Christmas always feels set in stone. These are the things you do, the people you see, the food that you eat. I’m more mindful of the change of the past year around Christmas than I am at any other time.

When I was growing up, my mother would sneak into our rooms at night on Christmas Eve with our stockings, which were usually some of my dad’s old long socks. My brother, sister, and I would wake up in the morning, take our stockings into our parents’ room, and sit on the bed to open up our stockings one by one. At no other time of the year would all five of us clamber onto my parents’ bed.
As a single person, I’m the only one left to crawl on my parent’s bed Christmas morning. My sister has her own kids, who come to her bed with their own stockings to open them. But, the first year after my brother died, it felt wrong for him not to be there on Christmas morning. It felt wrong that he wasn’t there opening presents, sitting around the table, or wearing his Christmas crown. But, most of all, I missed crowding onto my parents’ bed, to the point where my dad would shift to make room almost to the point of falling off. I remember my brother every year as we open our stockings, and I will remember him every Christmas I ever see.
When the Earth turns around and we find ourselves in the same places, sharing the same special activities we do once a year, the empty spaces are a reminder of what was, what isn’t, and what will continue not to be. Christmas is a season that forces us to remember what we can’t have again: “‘These are but shadows of the things that have been,’ said the Ghost. ‘They have no consciousness of us.’”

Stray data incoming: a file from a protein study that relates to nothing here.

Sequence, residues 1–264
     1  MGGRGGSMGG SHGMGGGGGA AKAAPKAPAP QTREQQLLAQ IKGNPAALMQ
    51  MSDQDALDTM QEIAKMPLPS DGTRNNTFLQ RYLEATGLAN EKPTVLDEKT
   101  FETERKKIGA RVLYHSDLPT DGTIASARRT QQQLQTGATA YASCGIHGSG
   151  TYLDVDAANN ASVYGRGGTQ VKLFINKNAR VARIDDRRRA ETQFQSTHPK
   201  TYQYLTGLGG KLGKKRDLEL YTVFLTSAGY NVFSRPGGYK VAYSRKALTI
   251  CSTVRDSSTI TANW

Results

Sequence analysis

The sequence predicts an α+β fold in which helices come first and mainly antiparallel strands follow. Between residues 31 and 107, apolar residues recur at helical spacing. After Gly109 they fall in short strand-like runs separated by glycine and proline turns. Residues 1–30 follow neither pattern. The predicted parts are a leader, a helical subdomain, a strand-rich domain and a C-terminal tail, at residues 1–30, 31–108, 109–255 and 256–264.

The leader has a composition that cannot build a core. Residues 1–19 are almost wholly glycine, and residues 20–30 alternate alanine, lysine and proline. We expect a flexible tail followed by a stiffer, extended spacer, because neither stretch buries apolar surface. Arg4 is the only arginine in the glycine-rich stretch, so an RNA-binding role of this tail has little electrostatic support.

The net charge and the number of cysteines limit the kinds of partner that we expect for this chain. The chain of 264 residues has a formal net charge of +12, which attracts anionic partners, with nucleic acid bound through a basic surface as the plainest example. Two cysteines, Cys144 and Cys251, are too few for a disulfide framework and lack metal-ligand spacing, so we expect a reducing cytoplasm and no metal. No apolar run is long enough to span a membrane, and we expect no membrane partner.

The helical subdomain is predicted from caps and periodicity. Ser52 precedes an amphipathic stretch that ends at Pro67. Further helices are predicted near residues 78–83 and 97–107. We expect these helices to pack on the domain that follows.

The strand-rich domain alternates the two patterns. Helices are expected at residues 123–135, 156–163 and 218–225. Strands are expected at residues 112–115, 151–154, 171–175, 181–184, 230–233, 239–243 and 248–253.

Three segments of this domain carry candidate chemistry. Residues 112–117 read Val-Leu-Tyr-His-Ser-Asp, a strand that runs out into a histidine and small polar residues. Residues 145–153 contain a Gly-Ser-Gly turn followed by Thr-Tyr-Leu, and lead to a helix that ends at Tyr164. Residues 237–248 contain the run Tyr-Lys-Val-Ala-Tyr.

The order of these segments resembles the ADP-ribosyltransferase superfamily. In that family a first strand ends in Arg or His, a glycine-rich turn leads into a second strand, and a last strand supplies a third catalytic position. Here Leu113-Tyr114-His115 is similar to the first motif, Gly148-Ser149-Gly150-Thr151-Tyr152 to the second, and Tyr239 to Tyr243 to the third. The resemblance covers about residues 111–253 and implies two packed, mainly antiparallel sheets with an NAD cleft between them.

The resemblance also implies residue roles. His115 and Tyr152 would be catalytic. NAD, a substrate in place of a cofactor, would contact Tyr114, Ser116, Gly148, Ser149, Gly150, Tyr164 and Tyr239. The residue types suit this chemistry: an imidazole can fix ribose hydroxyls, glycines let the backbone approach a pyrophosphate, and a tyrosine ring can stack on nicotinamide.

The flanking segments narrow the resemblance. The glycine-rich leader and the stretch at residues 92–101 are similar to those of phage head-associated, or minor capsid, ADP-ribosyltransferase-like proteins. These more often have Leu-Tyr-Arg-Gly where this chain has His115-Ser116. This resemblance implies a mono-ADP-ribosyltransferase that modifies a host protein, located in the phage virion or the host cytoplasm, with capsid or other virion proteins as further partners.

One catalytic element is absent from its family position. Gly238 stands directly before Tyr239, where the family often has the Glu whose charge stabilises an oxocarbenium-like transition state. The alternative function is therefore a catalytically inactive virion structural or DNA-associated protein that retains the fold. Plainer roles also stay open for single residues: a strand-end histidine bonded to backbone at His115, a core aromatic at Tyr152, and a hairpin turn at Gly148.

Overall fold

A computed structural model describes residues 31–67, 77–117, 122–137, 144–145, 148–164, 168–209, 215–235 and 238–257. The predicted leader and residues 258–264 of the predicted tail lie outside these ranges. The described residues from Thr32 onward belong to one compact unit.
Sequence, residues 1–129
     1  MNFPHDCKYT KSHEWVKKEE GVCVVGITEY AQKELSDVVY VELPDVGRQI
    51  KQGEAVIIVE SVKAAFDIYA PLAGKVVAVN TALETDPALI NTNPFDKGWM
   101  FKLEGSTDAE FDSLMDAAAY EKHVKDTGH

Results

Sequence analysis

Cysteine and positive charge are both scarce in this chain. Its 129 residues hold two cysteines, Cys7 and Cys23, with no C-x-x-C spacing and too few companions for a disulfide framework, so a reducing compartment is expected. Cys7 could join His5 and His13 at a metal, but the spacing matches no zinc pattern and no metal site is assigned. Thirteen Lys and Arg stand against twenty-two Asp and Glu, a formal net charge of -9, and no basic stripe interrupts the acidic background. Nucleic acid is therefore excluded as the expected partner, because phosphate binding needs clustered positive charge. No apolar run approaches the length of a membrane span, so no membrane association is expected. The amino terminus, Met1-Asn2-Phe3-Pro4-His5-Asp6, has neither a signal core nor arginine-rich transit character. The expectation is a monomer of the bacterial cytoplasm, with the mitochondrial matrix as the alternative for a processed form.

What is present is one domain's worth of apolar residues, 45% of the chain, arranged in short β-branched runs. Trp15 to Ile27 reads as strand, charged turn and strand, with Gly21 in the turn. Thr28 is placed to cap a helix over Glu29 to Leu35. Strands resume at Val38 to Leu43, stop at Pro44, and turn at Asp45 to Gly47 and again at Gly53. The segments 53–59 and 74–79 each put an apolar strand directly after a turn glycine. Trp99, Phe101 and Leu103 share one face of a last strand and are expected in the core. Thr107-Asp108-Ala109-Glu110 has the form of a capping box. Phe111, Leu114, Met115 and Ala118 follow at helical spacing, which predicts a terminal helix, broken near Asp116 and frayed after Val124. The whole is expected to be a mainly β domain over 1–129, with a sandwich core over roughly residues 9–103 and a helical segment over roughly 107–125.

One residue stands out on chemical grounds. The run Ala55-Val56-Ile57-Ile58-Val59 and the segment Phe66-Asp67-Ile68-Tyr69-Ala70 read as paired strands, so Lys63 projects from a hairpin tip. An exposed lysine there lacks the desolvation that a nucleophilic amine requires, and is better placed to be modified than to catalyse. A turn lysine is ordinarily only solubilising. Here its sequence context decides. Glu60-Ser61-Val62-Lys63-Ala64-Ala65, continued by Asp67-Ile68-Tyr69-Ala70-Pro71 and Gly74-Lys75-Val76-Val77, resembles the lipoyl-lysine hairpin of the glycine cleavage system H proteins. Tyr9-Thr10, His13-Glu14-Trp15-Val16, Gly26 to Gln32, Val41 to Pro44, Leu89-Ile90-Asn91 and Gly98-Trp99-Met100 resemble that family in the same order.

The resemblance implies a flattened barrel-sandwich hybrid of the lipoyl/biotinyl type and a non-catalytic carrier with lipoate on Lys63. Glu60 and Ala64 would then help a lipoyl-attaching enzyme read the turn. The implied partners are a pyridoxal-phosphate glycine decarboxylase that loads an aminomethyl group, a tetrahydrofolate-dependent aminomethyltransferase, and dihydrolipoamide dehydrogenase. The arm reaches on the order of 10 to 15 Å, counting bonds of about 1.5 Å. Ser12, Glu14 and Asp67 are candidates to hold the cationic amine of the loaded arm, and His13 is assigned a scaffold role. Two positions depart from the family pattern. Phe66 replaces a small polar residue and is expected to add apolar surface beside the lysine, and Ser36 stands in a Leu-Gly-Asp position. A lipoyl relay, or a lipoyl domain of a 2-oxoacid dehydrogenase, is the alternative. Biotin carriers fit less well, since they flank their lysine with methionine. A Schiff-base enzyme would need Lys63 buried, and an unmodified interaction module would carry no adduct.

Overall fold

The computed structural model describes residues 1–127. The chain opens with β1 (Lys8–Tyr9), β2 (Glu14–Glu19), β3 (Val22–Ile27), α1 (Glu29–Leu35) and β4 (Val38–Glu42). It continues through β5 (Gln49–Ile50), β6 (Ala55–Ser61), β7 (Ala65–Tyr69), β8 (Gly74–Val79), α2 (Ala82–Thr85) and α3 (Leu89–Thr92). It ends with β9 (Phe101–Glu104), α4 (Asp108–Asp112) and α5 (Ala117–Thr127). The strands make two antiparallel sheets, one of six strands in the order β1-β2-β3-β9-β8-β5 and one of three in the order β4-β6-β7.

For the past 15 years or so, I have gone to the Cambridge Vineyard Church for Christmas Eve. It’s the one night a year I see my two closest friends from growing up, Dan and Amanda. We make the pilgrimage home, like Joseph, spend Christmas Eve at a church we have outgrown, and then have dinner together after. But all traditions must come to an end. This year, Dan and Amanda are likely not returning home, and Christmas feels ruptured, with an unknown future. New traditions will have to be formed. The world goes on, Christmas arrives, but we are not the same.


“‘You may—the memory of what is past half makes me hope you will—have pain in this. A very, very brief time, and you will dismiss the recollection of it, gladly, as an unprofitable dream, from which it happened well that you awoke. May you be happy in the life you have chosen!’
[Belle] left him, and they parted.
‘Spirit!’ said Scrooge, ‘show me no more! Conduct me home. Why do you delight to torture me?’”


As lonely as the world can seem at Christmas, as destabilizing as the endings of relationships or traditions can be, Christmas morning marks the beginning of a time of reset. Yes, there are Christmases past that you cannot return to, as much as you may try, but come the morning, there is something new. The year runs out, we turn to one another, and this year we turn to a new decade.
As the year runs out, the world turns over and continues on, Christmas can be beautiful and wonderful, but it marks what we have and what we have wanted to gain. Yet, that’s into the end, and, as we wait for Christmas, the bells ring again. Scrooge can buy the prize goose and send it to the Cratchits.
Hannah Foulger is a British Canadian theatre artist and writer. Her disability poetry has been published in Blue Mountain Press’ Disabled Voices anthology and performed in Sick + Twisted Theatre’s Lame Is… cabaret. Her plays Clink and My Frozen Heart: A Comic Tragedy have been produced at the Winnipeg Fringe Festival. She lives on Treaty 1 Territory in Winnipeg, Manitoba.